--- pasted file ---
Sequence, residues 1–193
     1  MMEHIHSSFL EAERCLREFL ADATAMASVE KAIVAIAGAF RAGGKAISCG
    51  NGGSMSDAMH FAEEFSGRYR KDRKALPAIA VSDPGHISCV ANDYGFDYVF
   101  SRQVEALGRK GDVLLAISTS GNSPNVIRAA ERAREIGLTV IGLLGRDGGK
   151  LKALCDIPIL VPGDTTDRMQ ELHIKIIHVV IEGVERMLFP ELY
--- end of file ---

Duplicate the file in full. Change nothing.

Sequence, residues 1–193
     1  MMEHIHSSFL EAERCLREFL ADATAMASVE KAIVAIAGAF RAGGKAISCG
    51  NGGSMSDAMH FAEEFSGRYR KDRKALPAIA VSDPGHISCV ANDYGFDYVF
   101  SRQVEALGRK GDVLLAISTS GNSPNVIRAA ERAREIGLTV IGLLGRDGGK
   151  LKALCDIPIL VPGDTTDRMQ ELHIKIIHVV IEGVERMLFP ELY